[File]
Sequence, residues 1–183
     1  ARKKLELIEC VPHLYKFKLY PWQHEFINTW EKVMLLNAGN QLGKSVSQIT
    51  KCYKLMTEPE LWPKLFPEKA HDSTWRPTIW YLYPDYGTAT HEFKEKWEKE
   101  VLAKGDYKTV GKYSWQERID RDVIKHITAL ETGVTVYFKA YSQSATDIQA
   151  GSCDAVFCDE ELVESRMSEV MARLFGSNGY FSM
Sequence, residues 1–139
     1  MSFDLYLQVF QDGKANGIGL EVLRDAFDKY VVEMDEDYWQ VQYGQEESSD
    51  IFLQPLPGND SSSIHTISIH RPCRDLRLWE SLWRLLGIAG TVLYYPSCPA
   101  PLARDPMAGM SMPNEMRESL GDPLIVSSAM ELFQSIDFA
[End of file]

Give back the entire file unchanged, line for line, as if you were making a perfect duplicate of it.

Sequence, residues 1–183
     1  ARKKLELIEC VPHLYKFKLY PWQHEFINTW EKVMLLNAGN QLGKSVSQIT
    51  KCYKLMTEPE LWPKLFPEKA HDSTWRPTIW YLYPDYGTAT HEFKEKWEKE
   101  VLAKGDYKTV GKYSWQERID RDVIKHITAL ETGVTVYFKA YSQSATDIQA
   151  GSCDAVFCDE ELVESRMSEV MARLFGSNGY FSM
Sequence, residues 1–139
     1  MSFDLYLQVF QDGKANGIGL EVLRDAFDKY VVEMDEDYWQ VQYGQEESSD
    51  IFLQPLPGND SSSIHTISIH RPCRDLRLWE SLWRLLGIAG TVLYYPSCPA
   101  PLARDPMAGM SMPNEMRESL GDPLIVSSAM ELFQSIDFA